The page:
As coincidence would have it, I was rereading Historical Reason, a collection of lectures by José Ortega y Gasset, for the first time in over a decade and a half when John Lukacs’s latest, The Future of History, fell onto my desk.  While Lukacs’s debt to Ortega has always been clear (indeed, I first read Historical Reason because of Lukacs), I was still struck by the overlap not only in subject matter but even in the structure of these two short books.

Yale bills The Future of History as a reflection on the historical profession and the writing and teaching of history, and there is much here to justify this marketing approach (especially the chapters on “Problems for the Profession” and “Future of the Profession”).  But it would be a mistake to think that this is a book written solely for professional historians or for academic students of history.  Indeed, the two chapters in question seem almost, but not quite, out of place, because the main theme of The Future of History, as of so much of Lukacs’s work even before the 1968 publication of his magisterial Historical Consciousness, is the deepening of the historical sense in the minds of all men today, not just (or even not especially) the minds of professional historians.

It is here that Lukacs reminds me most of Ortega, even when The Future of History and Historical Reason diverge.  Ortega demolished Cartesianism by pointing out that Descartes’s critique of philosophy was not radical enough; that (to sum up Ortega’s argument) it is not enough to say, “I think, therefore I am,” because behind the act of thinking lies the reality of our own existence: “I am, therefore I think.”  (Lukacs, in Historical Consciousness, completes the circle: “I am, therefore I think, therefore I am.”  The self-knowledge of thought is what allows Ortega to recognize that Descartes’s critique does not go far enough.)  But the knowledge of our existence is tied up with the recognition of the existence of the world around us.  To use Ortega’s example, we experience the horse itself, not the idea of the horse.

Thus, as Lukacs writes, “In sum: perspective is an—inevitable—component of reality.  In sum: participation is the—inevitable—inseparability of the knower from the known.”  I know the horse immediately, rather than the idea of the horse, but I know it in relationship to me.  This knowledge is not objective (the horse is not absolutely independent of me), nor is it subjective (the horse’s existence does not depend on me); it is participant:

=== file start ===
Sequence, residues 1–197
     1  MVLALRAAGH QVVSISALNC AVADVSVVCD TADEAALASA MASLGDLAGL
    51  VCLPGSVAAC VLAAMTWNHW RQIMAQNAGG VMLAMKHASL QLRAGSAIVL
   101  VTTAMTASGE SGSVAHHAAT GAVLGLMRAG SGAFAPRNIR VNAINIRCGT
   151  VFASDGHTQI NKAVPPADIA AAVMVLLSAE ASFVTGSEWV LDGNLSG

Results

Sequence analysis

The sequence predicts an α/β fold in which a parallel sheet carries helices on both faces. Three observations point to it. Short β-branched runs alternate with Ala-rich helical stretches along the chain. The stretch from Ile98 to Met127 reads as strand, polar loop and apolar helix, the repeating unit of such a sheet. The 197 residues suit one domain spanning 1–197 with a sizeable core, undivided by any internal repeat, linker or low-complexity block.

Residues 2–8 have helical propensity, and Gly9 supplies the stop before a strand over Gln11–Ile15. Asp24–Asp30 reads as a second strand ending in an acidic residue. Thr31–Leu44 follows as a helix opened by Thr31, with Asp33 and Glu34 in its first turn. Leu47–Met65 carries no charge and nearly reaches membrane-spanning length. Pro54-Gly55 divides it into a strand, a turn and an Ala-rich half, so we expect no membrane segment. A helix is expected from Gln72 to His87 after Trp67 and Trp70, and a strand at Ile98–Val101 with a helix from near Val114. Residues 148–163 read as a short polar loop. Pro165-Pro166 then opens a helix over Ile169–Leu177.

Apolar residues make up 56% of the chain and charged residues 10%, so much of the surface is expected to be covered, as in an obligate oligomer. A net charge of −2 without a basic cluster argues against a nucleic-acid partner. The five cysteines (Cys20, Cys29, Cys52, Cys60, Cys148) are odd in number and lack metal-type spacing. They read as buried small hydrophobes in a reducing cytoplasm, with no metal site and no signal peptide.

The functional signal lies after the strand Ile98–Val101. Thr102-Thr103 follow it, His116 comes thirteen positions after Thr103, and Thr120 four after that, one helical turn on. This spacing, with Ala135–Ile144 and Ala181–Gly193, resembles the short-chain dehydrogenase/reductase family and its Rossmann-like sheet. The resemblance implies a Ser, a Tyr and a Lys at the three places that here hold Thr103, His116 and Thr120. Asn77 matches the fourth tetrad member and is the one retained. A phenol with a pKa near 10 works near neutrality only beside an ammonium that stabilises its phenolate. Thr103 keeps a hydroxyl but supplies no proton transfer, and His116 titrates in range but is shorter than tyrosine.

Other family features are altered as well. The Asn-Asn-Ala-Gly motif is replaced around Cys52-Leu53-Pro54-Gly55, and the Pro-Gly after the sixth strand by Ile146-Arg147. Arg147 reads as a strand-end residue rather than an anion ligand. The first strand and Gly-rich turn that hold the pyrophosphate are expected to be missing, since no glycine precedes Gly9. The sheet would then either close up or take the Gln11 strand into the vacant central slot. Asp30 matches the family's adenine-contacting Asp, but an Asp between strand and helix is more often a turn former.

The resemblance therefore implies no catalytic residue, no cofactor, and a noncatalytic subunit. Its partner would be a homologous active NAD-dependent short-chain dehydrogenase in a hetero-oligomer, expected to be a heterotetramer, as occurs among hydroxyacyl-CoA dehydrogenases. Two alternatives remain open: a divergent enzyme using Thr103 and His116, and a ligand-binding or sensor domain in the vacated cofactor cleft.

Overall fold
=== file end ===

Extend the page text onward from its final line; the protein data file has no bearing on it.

The future of history lies there.  The knower and the known are not identical: but they are inseparable.  That is, too, how we, on this earth, are at the center of the universe.  We did not create the universe; but we invented it, and keep inventing it, time after time.

The point is so simple, so obvious, yet so quickly lost in the abstractions of modern thought.  Lukacs’s task is the one that Dr. Johnson set for himself: to remind men of that which they already know.  At heart, that knowledge is what constitutes truth, or rather truth is the essence of that knowledge.  The task of the historian “consists of the pursuit of truth . . . often hacking his way through jungles of untruths, trees, saplings, bushes, shrubs, and many, many weeds, large and small ones.”

Yet truth is not the province of the historian alone, but of all men.  Man, Lukacs has written (here and elsewhere) can tolerate injustice more than he can tolerate untruth.  The growth of historical consciousness has increased our appetite for the truth, and yet we see the widespread acceptance of the manifestly untrue all around us.  The larger and more well-publicized the untruth, the more easily we seem to accept it, in spite of knowing better.  Might this be a portent?

In writing elsewhere of the passing of the modern age, Lukacs has explored the possibility of a post-civilizational barbarism arising out of the ashes of the modern nation-state.  Would historical consciousness survive in such a world?  If so, what role would it play?  In the history of the future, will there be a future for history?


[The Future of History, by John Lukacs (New Haven, CT: Yale University Press) 177 pp., $26.00]